Facebook and its various features are services that billions of people rely on every day to stay connected and in touch, but it’s hard to like.

Speaking from my own experience, Facebook is the one service I’ve long wanted to dump but simply can’t because, for better or worse, it’s the only service where I’m able to reach more than 60 percent of the people that are important to me. With 1.65 billion active monthly users and 1.09 billion daily active users spending over 20 minutes per use per day, Facebook is bigger and more influential than ever.


A one-stop window

Having lived away from Manila for almost 12 years now, Facebook has become my one-stop window home. It’s only on Facebook where I can simultaneously catch up on news, send targeted messages to old friends and classmates, and  reach older relatives who no longer check their email, but are constantly glued to FB, even more than many of my much younger cousins, nephews, and nieces who haven’t updated their Facebook status in what seems to be years.

I can send emails that will remain unread for weeks, but reaching the same person on Facebook Messenger ensures I get a response within hours, sometimes even minutes. Facebook notifies me of people’s birthdays, it keeps me apprised of upcoming events, it sucks me into conversations, and it’s also one of the prime ways to subscribe to or sign into new services. There’s really no way to ignore or escape Facebook in our daily computing lives.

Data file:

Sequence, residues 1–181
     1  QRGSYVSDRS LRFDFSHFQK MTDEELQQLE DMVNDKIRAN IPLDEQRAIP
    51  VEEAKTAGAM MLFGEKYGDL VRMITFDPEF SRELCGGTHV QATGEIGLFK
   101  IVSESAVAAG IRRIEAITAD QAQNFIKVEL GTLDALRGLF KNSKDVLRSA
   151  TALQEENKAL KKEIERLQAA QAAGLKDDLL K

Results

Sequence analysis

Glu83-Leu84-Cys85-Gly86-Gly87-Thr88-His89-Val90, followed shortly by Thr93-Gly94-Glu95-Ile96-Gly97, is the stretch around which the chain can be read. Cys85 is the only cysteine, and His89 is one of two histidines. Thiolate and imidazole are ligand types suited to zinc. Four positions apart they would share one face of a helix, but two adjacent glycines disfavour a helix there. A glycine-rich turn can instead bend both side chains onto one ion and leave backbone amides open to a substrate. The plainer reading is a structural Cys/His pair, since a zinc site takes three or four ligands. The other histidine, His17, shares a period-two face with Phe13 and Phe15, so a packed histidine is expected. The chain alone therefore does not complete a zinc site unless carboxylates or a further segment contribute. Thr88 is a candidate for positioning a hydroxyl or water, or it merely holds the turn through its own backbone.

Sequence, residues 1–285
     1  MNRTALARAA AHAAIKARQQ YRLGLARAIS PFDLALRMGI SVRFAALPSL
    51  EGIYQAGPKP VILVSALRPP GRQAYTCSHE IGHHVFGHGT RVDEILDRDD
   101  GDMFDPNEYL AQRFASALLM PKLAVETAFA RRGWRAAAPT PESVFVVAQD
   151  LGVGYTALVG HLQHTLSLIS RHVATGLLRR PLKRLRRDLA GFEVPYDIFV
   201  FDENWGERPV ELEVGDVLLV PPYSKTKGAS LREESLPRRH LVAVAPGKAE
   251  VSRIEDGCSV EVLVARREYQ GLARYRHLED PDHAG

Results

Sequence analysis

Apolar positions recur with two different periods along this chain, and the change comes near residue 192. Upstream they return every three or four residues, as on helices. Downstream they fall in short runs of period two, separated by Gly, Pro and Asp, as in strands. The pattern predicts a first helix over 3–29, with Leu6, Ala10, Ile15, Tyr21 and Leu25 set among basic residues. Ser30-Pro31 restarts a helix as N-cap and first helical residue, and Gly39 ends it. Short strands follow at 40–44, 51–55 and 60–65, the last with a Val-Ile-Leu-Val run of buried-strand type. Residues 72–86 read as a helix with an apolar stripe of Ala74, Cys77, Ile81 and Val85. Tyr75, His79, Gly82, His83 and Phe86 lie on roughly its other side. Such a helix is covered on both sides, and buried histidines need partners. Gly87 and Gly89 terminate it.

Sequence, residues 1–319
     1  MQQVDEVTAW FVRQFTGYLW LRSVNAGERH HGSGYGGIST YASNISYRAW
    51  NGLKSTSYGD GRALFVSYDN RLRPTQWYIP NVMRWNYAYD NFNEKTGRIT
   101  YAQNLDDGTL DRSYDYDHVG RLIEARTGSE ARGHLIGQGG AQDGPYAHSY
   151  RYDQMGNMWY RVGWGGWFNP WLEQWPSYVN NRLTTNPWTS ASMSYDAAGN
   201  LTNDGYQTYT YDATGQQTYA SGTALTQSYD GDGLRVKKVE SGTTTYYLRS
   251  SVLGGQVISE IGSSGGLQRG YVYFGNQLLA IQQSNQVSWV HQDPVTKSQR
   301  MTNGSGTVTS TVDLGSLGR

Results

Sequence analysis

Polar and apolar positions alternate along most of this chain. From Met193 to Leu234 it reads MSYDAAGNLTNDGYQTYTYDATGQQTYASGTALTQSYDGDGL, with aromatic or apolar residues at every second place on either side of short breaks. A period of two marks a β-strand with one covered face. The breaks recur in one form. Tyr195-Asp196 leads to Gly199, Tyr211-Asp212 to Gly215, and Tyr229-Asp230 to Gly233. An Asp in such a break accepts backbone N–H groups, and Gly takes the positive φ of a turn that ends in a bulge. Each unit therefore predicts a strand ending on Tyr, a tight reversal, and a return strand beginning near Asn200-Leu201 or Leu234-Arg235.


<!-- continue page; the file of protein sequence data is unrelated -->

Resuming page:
Facebook is the dominant social network; it’s both a living address book as well as a replacement for email and instant messaging. It’s a global nerve center for everything from the silliest brain fart posts to the place where people facing real danger first log in to tell the world that they’re still okay.

For me, and many other users, Facebook has become an inevitable part of life. Like Meralco, you can’t live without it, but many times it just feels like you live to hate it. In my opinion, Facebook’s success lies in its similarity to a polymorphic virus. It is ever-changing and expanding and yet burrows itself so deep in user’s subconscious that it becomes very difficult to shed. Facebook evolves at a fast rate; it eats up smaller services and trends and soon becomes the dominant thing in that segment. This is why few companies can even consider competing with Facebook, because by the time they emulate the best features, Facebook would have evolved into a different thing.


You can’t kill what you can’t catch

Facebook has long replaced the World Wide Web and even e-mail for most people. Companies rarely promote their websites but they are all on Facebook because that’s where their target market is. Instead of email, we now use Messenger, WhatsApp, or Instagram, which are all owned by Facebook. It seems like a long time ago that people really “surfed the web,” these days they’re content to scroll down their screens and look at the interminable content, some of which are good and a lot of which are useless. This is Facebook’s legacy and one that no competitor has managed to copy: Facebook is super sticky and super engaging.